Disgraced ANC spokesperson, former jailed ANC activist and post-1994 MP Carl Niehaus, who has confessed to committing serious fraud, stopped at nothing to fund an opulent lifestyle, including making a false claim that his sister had died.

On Friday as the Democratic Alliance called on the ANC to fire Niehaus and for the Gauteng government to charge him, when it emerged Niehaus lied to a law firm to get it to pay for a return business-class airticket for his ex-wife, Linda Thango.

After Friday's damning expose in the Mail & Guardian in which he confessed to fraud, serious financial problems and a string of broken promises, Niehaus tearfully told Talk Radio 702 that he had tendered his resignation to the ANC.

On Friday the party said it would retain him, but remove him from its communications department.

ANC secretary-general Gwede Mantashe said they had urged Niehaus to seek counselling to "rebuild and reconstruct his life".

The Mail & Guardian revealed Niehaus forged the signatures of at least four MECs, including that of the then Gauteng finance minister and current Gauteng Premier Paul Mashatile, while he was chief executive of the Gauteng Economic Development Agency, in a bid to obtain a loan from a businessman.

Mashatile asked Niehaus to leave when he confessed what he had done.

On Friday, his spokesperson Simon Zwane said as far as the provincial government was concerned the matter didn't warrant any further action.

At the time of the airticket scam, Niehaus was working as a black empowerment and transformation consultant for the legal firm AL Mostert & Co, when he made the false claim about the demise of his sister.

Niehaus, who at the time in 2004 was assisting with the organisation an ANC concert in London, told his employer his sister had died and he had no money to pay for an airticket to London to arrange her funeral.

This was despite the fact he was being paid in excess of R100 000 a month as a consultant.

His fee was based on his claimed contacts with potential empowerment partners.

Thango, who was then still his wife, was also employed at AL Mostert & Co, as Niehaus' personal assistant at his insistence.

Niehaus was caught out on his return from London when he dropped Thango off at the front entrance to the law firm before parking his car.

Staff had arranged flowers for the couple. On seeing the flowers Thango reportedly asked what they were for.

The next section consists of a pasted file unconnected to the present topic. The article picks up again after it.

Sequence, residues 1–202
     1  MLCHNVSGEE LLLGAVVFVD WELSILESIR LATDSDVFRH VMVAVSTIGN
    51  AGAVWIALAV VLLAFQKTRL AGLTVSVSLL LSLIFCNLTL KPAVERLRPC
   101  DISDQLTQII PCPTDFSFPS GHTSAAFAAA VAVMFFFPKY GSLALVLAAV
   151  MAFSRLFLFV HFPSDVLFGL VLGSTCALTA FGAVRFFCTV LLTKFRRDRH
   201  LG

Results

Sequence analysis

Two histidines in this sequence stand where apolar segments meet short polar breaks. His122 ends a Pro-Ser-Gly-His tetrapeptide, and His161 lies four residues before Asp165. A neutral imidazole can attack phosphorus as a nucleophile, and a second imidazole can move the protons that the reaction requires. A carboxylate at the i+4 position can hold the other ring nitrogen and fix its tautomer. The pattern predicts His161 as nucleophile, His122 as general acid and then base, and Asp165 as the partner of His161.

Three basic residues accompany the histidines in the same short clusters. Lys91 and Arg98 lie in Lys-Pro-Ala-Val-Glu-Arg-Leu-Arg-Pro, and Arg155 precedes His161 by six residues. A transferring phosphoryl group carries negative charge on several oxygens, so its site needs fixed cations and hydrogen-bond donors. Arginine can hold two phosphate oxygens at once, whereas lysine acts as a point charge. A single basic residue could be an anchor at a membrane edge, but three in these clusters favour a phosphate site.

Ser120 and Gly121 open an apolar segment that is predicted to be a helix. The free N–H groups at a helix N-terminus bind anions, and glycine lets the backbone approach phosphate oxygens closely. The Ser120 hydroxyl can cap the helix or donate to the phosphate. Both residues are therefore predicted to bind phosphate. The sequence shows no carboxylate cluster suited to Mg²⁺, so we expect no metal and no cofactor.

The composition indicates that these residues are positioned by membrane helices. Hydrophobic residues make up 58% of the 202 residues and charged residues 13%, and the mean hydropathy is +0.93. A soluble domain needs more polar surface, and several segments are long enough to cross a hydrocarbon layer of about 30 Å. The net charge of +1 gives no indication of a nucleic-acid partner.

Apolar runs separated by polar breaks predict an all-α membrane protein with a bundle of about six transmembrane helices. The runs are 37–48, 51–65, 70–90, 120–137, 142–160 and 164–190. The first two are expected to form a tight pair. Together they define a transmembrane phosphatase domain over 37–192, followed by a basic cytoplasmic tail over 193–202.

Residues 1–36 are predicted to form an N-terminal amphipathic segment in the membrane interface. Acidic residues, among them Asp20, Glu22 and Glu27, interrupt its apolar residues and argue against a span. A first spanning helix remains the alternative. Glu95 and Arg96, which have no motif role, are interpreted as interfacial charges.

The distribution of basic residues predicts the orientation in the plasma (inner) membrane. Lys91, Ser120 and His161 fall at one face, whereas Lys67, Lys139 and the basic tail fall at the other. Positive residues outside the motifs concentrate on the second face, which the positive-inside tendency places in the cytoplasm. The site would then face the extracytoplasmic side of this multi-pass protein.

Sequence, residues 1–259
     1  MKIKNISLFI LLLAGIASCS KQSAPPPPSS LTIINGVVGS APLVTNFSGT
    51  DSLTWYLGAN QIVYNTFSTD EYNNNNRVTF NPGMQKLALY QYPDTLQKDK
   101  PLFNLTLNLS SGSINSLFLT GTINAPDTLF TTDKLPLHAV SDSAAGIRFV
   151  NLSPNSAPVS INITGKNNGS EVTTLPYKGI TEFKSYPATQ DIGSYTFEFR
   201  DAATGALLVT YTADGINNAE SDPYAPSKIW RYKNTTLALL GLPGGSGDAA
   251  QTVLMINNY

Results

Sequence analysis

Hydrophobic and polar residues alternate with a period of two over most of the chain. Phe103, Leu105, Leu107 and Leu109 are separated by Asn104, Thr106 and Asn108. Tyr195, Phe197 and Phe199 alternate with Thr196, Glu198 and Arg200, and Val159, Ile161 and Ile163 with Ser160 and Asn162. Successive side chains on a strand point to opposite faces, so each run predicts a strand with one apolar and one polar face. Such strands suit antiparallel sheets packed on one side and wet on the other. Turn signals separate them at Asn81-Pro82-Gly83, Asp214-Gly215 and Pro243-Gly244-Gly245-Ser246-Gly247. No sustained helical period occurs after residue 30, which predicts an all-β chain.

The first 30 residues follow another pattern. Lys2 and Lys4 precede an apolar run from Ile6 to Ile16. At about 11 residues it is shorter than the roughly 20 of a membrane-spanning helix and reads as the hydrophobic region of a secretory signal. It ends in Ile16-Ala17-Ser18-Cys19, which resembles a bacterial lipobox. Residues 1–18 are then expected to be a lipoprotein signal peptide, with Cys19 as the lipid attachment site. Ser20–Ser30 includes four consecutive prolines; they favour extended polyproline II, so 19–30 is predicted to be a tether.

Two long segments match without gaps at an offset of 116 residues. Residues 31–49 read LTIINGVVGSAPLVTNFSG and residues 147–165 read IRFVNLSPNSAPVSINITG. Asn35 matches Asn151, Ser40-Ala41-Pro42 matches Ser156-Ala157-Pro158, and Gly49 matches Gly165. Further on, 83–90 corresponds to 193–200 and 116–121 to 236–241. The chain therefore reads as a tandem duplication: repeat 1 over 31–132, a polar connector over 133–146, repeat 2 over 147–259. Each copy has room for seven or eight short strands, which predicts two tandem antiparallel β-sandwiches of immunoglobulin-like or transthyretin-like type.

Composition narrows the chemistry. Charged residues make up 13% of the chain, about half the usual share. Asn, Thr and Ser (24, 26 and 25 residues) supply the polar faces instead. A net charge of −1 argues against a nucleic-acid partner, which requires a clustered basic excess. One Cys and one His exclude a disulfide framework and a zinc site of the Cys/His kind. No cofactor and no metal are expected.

She was told it was gesture from the staff in sympathy for the death of her sister-in-law.

Her response was: "When did that happen? We were with her yesterday!"

Niehaus confessed and was immediately dismissed.

In common with other high profile jobs Niehaus has held since 1994, he was long on promises and short on delivery.

At one stage he worked for audit firm Deloitte and Touche, but left there when he was politically embarrassed by a property deal that fell through in the Netherlands.

In 2004 he left his position as chief executive of the Rhema Church owing the church R700 000 for luxury vehicles he had bought, including a Porsche, Jeep Cherokee and Mercedes Benz, as well as using church funds to to go on holiday with Thango to Zanzibar.

Niehaus was also employed in the Office of the State President where he left under a cloud owing R24 000, which he repaid.

Justifying the decision to retain Niehaus, Mantashe said: "My emphasis is on a cadre of the movement who suffered a great deal because of ANC activities. That is no justification to do wrong things, but it imposes responsibility on the movement to counsel such cadres."

Mantashe said Niehaus only disclosed his financial woes after he was quizzed by the party, denying reports in the Mail & Guardian Niehaus had used his struggle credentials to get loans from ANC luminaries and to force an introduction to controversial murdered mining magnate Brett Kebble.

Instead, Mantashe suggested the revelations about Niehaus were aimed at damaging the ANC in the run-up to the election.

"There will be stories about leaders of the ANC up to April 22 ."

On Friday, DA MP Motlatjo Thetjeng said unless Mashatile acts against Niehaus the party would charge the Premier under the Prevention and Combating of Corrupt Activities Act for not reporting the matter to police.

"The Niehaus case epitomises the ANC's closed, crony system in action whereby senior ANC leaders abuse their positions to pressure the business community to sponsor their extravagant lifestyles in return for favours in the awarding of government tenders," he said.